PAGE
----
DSD only received 15 submissions on the NPO Amendment Bill. Several factors can account for the limited response from the sector and apparent disengagement. It should be considered that many NPOs are heavily involved in addressing immediate internal challenges of trying to recover from the financial fallout and other impacts of the pandemic. Dealing with these immediate stressors could put the need to contribute to a national matter lower on the agenda for some NPOs. Another core problem is that the directorate dealing with NPOs, within the DSD, is poorly capacitated with insufficient staff and resources to address the enormous challenges facing it. Many NPOs currently skip registration and register directly with SARS to receive 18A status. Perceived empty promises alongside limited support to the sector during the pandemic may be another reason for disenchantment.

 

The role of civil society and development programmes

President Ramaphosa announced a social sector summit and drafting a social compact in his State of the Nation Address (SONA) in 2018, speaking of the importance of collaborating with civil society and building solidarity around government development programmes. This was again raised in the 2022 SONA, referring to a “comprehensive social compact to grow our economy, create jobs and combat hunger.” However, four years after the 2018 SONA, the social compact and social sector summit conversations appear vacuous, and there is an obvious lack of capacity and resources in the DSD to deliver on these promises.

Currently there is agreement to an extension of six weeks after the meeting of 23 March, for final comment on the Bill. However, discussions and submissions to date within the NPO sector Working Group highlight numerous concerns. Sector representatives find the draft Bill unclear, qualitatively weak, and lacking detail. The outcomes as per the proposed changes remain uncertain.

 

Concerns of the Working Group

Overall, there is agreement in the Working Group that the Bill is not fit for purpose. Examples include but are not limited to:

  • The NPO directorate name change, to a Registrar. There is a lack of clarity about whether that Registrar will be independent and move out of the DSD; concerns about capacity and resources remain.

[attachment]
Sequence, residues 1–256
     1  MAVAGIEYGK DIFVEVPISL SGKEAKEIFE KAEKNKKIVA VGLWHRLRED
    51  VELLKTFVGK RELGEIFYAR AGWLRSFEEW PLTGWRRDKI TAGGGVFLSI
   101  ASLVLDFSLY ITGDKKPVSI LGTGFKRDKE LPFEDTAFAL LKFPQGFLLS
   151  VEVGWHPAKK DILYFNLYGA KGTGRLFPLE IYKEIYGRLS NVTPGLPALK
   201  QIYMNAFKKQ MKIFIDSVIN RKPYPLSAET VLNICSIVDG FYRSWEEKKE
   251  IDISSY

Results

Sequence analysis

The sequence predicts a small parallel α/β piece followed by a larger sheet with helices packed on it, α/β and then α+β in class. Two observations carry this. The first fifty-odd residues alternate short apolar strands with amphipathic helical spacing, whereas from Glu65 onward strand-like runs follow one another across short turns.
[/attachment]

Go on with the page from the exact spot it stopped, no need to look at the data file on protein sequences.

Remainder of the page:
• Accountability of the NPO sector: There is a lack of knowledge about, and implementation of, good governance at many NPOs. A new structure for boards has been proposed, which includes deputies. The sector agrees that governance is an issue, and there is a need for self-regulation, but not in the way it has been formulated in the Bill.

  • Cleaning up the NPO database: At present many NPOs are registered with identical names. There is also a campaign to deregister those NPOs which do not meet legislative requirements. However, there are concerns that the DSD lacks the capacity to address the database issues, and the form this will take in terms of the Bill proposals.

  • Registration of international NPOs. The DSD has shared that this provision has been included in the Bill because of information received from a government investigative team that some NPOs could be caught up in money laundering and finance for terrorist activities. While there is agreement on the need to counter corruption and terrorism, there are concerns the sector will be overregulated with draconian controls.

 

Conclusion

In conclusion, our proposal is that the Bill be scrapped as it is poorly drafted, there are major policy implications, the sector has not been given sufficient opportunity to engage, and the time frames mean it would be passed without due consideration. There are limitations on both sides. Many NPOs are engaged in their own financial survival, and in addressing the needs brought about by the pandemic and socio-economic inequality. The DSD directorate dealing with NPOs, in turn, is also understaffed and lacking much-needed resources. Both sides need to work together and engage for an optimal outcome, to ensure there is cooperation for social benefit. There is currently the opportunity to engage and address key issues. The sector needs to be unified so all can move forward and find common ground.


First published on the IPASA website